`Be the oil'

THAT'S what a friend urged my mother to do when Mom told her of a difficult relationship. The importance of oil is obvious to anyone who has oiled a squeak or outmaneuvered rust. With a little imagination, we can picture squeaking, rusting, sticking relationship troubles resolved with the oil of caring. This was the ``oil'' that my mother's friend was referring to and which she pointed out in the Glossary of Science and Health with Key to the Scriptures by Mary Baker Eddy.1 Here Mrs. Eddy gives the spiritual sense of Biblical terms. Oil is defined as ``consecration; charity; gentleness; prayer; heavenly inspiration.''2

Day-after-day relationships need such oil. I'm thinking of some of the rough spots that show up in close quarters: lack of commitment and purpose, lack of love and tender caring, a self-centered focus that excludes God and our fellow beings, indifference, obliviousness, depression.

How can the oil of Spirit help us over the rough spots? Consecration strengthens the faltering and uncommitted. Charity smoothes the dryness of irritability and resentment. Gentleness quiets erratic thought. Prayer establishes harmony in place of misunderstanding and confusion. And it calls forth a fuller expression of the qualities that heal. Heavenly inspiration shatters depression, dullness, and emptiness.

My mother's friend urged her not just to use the oil, but to be the oil. Both women were Christian Scientists and understood that to be good is not so much a personal undertaking as it is a willingness to be hospitable to the presence of Christ, Truth, the power of God that brings healing to our present need, and redemption. It is a willingness to realize more consistently in prayer our inseparability from the one God, from divine Life and Love.

Consecration, charity, gentleness, prayer, and heavenly inspiration are not merely helpful human responses; they are God-impelled expressions of Christly power. When we are gentle, prayerful, and loving, we are not just being the ``good guy''; we are reflecting God, divine Love, as the sole power and harmonizing Principle of the universe.

In a situation of friction, when I've yielded and expressed something of divine Love, I have found that such yielding doesn't get me stomped on because I am not really giving in to a person. My stepping back mentally is to let the harmonizing power of God and His Christ step forward--in the words of a Biblical prophet, ``To appoint unto them that mourn in Zion, to give unto them beauty for ashes, the oil of joy for mourning, the garment of praise for the spirit of heaviness.''3 Christliness is the oil of joy that makes whole. It is an outpouring of pure power. To be the oil unfolds the Christly mission of each of us. It dissolves anger and fear, just as raising the shade to the early sun dashes the darkness. Many times a situation is saved through the quiet realization that the expression of the divine nature is natural to all of God's children and that all are inseparable from God.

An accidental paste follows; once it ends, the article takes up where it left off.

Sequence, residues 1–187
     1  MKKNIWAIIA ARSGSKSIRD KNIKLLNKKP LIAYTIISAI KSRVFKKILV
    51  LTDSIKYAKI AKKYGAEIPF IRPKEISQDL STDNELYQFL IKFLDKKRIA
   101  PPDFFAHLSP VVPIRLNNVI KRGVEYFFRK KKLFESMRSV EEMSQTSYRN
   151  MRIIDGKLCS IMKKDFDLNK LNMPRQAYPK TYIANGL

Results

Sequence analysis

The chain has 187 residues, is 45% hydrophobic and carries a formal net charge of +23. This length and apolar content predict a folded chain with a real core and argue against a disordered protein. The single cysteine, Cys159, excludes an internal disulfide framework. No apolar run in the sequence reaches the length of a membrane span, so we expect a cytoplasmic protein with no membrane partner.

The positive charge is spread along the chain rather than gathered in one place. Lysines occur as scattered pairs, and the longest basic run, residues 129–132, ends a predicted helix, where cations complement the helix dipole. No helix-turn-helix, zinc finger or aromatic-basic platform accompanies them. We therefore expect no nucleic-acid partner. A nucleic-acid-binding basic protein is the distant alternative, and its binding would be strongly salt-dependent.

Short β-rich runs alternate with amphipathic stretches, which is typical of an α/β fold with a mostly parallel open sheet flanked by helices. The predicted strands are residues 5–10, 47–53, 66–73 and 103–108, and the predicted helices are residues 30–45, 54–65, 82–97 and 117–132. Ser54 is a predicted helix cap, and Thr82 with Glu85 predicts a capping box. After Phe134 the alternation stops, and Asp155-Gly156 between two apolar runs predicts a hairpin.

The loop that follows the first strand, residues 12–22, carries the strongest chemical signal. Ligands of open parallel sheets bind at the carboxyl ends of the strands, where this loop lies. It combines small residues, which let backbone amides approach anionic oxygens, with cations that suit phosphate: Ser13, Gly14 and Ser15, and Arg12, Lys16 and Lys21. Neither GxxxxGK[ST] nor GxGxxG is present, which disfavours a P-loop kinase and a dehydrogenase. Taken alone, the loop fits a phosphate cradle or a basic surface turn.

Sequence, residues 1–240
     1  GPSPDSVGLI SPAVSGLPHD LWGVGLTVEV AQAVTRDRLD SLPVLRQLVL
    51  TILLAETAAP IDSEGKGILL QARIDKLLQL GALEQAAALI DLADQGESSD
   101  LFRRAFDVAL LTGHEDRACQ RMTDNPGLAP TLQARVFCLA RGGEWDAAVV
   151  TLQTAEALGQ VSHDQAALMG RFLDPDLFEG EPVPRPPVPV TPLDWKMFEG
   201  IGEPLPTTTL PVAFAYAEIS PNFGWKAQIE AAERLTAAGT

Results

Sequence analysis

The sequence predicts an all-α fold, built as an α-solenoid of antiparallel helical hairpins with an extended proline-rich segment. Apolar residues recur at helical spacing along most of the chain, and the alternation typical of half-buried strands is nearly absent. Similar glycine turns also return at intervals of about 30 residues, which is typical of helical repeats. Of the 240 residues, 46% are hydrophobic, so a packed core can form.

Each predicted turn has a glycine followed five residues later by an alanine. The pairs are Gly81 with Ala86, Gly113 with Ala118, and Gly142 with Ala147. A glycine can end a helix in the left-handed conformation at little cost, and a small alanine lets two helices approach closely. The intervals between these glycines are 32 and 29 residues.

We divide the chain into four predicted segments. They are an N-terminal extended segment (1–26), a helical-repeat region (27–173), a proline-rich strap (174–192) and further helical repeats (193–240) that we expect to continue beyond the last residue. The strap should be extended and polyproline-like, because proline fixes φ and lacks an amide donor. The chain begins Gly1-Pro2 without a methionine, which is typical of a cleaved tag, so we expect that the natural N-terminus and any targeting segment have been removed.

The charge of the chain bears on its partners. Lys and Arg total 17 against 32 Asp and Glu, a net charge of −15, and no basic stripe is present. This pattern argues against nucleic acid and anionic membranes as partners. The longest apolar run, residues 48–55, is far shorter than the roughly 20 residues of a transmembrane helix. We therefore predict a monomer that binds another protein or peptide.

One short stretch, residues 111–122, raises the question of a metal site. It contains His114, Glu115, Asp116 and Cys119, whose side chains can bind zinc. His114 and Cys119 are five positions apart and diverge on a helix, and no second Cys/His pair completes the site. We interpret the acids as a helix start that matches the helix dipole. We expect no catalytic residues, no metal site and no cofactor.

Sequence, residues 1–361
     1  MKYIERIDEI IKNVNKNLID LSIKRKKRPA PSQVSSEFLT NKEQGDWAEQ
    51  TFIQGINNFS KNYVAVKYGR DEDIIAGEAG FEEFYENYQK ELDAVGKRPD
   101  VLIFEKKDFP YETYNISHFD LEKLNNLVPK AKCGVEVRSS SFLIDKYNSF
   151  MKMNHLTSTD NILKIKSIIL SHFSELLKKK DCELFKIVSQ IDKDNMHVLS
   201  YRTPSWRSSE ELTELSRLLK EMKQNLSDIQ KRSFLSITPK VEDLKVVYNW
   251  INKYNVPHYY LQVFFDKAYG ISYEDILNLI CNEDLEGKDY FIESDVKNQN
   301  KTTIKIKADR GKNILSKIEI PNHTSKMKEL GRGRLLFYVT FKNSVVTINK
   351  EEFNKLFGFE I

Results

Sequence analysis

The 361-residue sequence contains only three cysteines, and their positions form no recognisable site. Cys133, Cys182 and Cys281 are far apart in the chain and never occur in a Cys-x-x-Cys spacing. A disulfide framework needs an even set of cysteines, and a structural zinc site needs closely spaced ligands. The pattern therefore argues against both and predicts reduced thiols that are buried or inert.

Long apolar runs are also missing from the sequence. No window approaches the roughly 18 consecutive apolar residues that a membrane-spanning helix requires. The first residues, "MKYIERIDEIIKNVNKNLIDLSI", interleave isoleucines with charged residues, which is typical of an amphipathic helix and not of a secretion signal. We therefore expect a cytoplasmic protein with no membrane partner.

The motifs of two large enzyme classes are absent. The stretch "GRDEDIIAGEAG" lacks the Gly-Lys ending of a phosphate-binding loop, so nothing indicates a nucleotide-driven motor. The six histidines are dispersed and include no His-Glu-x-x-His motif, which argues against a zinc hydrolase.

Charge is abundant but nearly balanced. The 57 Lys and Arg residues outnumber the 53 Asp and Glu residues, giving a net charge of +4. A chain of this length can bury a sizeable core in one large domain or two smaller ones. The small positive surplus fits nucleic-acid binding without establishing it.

One well-oiled situation comes to thought as I write. I was the new member on the art museum board. There were difficult problems, and I seldom missed an opportunity to make passionate speeches that probably entertained more than they enlightened. We were going nowhere. Nobody was doing anything.

It was most certainly the Christ that finally woke me to realize that I was behaving badly, adding to a sense of division and uncertainty. A quiet thought formed as I listened to God. I knew that I should be participating in our board meetings as a Christian Scientist--with the same consecration, prayer, gentleness, love, and inspiration that were familiar to me from church meetings.

From then on I worked to ``be oil'' and not a squeaking wheel! I tried to be gentle and loving instead of sharp-witted. I shut my mouth and silently prayed for the entire undertaking, for inspiration and unity of thought and purpose. I gave up the presumption that if I didn't do something, nothing would be done. I yielded my thought to the power of God, of Spirit, and let God work. We began to find solutions, and some fairly revolutionary events followed. We did get ``beauty for ashes'' and ``the garment of praise for the spirit of heaviness.''

When we are being ``the oil of joy,'' we find ourselves on the side of divine power. Then there's no telling what good things will occur.

1The Discoverer and Founder of Christian Science. 2Science and Health, p. 592. 3Isaiah 61:3. You can find more articles like this one in the Christian Science Sentinel, a weekly magazine. DAILY BIBLE VERSE Thou anointest my head with oil. Psalms 23:5

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